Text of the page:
Malaysia will accelerate its introduction of 5G telecommunications, Prime Minister Muhyiddin Yassin announced on Friday, breaking with the government’s previous stance of postponing the launch and focusing on fully utilizing 4G technology.
Muhyiddin unveiled a digital economy blueprint, including MYR 15 billion (USD 3.7 billion) in funding for the rollout of fifth-generation networks over the next 10 years.
“Thus by the end of this year, people can begin to enjoy 5G technology in phases,” he said.
The premier said this will make Malaysia one of the first in Southeast Asia to adopt 5G internet and cloud services. Under the 10-year blueprint, the digital economy is expected to contribute 22.6% to the country’s gross domestic product and generate over 70 billion ringgit in domestic and foreign investments.
The moment for this is ripe, according to Oh Ei Sun, senior fellow at the Singapore Institute of International Affairs.
“Now that people have to intermittently work from home, or in any case not in the office, due to the pandemic, the fast-forward of 5G is actually quite timely,” Oh observed. “People hopefully would not have to scramble for bandwidth and speed and memory.”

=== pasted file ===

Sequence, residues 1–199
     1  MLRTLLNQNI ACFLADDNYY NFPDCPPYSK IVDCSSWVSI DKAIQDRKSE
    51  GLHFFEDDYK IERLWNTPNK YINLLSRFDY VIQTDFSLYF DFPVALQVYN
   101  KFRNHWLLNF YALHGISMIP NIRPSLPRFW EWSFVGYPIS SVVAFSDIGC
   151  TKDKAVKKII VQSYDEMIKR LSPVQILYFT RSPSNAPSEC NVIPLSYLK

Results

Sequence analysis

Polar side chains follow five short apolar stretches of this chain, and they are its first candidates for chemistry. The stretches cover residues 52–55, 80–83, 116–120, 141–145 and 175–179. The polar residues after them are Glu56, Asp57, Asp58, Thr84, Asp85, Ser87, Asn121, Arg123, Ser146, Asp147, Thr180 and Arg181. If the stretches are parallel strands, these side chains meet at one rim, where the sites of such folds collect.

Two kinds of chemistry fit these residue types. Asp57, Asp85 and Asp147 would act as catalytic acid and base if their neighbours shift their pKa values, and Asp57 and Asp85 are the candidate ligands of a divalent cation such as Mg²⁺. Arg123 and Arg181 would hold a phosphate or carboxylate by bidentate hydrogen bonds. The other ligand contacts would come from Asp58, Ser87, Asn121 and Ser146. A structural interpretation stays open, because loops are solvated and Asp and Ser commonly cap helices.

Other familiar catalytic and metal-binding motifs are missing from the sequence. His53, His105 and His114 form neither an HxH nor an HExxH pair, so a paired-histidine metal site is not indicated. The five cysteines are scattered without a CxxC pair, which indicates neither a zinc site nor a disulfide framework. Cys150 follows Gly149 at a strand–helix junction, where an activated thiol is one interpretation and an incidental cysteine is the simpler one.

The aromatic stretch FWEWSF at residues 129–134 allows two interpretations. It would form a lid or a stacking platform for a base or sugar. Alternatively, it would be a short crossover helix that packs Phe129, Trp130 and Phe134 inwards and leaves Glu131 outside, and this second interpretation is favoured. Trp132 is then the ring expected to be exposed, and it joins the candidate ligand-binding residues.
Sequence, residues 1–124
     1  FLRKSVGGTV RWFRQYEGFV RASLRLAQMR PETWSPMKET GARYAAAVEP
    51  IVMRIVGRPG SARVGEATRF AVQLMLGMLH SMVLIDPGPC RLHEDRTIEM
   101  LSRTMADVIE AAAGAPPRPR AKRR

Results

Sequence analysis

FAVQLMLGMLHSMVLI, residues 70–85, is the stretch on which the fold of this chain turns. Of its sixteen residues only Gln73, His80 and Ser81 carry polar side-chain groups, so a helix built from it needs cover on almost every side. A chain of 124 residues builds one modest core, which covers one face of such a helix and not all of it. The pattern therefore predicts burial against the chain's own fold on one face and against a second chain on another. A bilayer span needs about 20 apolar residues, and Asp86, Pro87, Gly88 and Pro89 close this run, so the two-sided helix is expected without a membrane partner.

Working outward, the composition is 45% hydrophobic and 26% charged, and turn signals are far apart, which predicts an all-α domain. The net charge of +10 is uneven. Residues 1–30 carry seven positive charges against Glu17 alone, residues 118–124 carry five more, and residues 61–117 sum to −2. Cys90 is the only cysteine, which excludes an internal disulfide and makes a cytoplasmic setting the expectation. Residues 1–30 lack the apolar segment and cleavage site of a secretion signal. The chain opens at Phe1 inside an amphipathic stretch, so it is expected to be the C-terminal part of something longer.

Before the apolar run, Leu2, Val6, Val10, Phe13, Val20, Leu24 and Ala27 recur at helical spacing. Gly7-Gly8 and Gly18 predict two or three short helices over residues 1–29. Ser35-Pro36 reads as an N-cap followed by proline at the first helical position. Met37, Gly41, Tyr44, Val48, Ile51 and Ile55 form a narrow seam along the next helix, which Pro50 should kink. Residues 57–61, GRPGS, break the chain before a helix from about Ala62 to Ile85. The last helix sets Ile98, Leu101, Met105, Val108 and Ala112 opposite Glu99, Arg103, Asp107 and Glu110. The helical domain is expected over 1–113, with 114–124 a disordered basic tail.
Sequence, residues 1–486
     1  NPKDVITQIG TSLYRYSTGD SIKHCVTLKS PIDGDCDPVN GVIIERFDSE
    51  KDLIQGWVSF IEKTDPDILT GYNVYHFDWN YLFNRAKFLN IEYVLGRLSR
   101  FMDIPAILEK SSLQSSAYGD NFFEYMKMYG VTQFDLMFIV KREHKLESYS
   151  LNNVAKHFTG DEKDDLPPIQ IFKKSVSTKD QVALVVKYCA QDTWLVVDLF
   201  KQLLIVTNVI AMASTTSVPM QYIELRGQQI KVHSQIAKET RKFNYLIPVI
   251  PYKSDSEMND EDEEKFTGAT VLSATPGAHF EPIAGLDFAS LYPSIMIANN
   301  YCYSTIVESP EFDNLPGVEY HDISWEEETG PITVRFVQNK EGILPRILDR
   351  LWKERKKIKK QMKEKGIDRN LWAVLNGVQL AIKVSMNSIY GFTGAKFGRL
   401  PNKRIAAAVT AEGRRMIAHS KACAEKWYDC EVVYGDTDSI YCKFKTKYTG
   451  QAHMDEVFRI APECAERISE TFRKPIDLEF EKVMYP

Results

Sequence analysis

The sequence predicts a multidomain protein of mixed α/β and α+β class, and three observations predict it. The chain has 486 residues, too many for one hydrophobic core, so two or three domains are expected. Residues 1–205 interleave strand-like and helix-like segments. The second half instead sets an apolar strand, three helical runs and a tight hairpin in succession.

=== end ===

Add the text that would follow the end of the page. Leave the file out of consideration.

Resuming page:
As long as the price is “not exorbitant,” he added, the speedy networks could be a “pacification for a populace who is by now much annoyed by the pandemic and its attendant lockdowns.”
Muhyiddin on Friday also said a special purpose vehicle will be created under the government to own and administer the 5G spectrum, with all telecommunications companies ensured a fair share.
Spectrum allocations proved controversial for Muhyiddin’s administration last June, when the then-new government quietly awarded portions to five telecom companies including one owned by a politically connected businessman.
The 5G-compatible 700 megahertz spectrum was divvied up between Axiata’s Celcom, Digi.Com, and Maxis, along with Telekom Malaysia and unlisted Altel Communications. Unlike the others, Altel is a young company with limited experience in the industry, and is owned by prominent tycoon Syed Mokhtar Al Bukhary — closely linked to former Prime Minister Mahathir Mohamad.
Communications and Multimedia Minister Saifuddin Abdullah signed off on the awards. But the allocations were reversed just two weeks later amid a public uproar over the nature of the negotiations. The national 5G spectrum allocations were supposed to be awarded only after a public tender.
Meanwhile, Malaysia remains open to the participation of Chinese giant Huawei Technologies in its 5G development — something that has proved contentious in numerous other countries.
In October 2019, Huawei was brought in as a hardware supplier for the 5G network of Maxis, one of Malaysia’s largest telecom players. The formal agreement to provide 5G radio equipment, services, and knowledge was Huawei’s first 5G-related project on Malaysian soil.
Huawei is banned from bidding for government contracts in the US, particularly 5G projects, after former President Donald Trump’s administration warned that its equipment could contain “back doors” for cyber-espionage.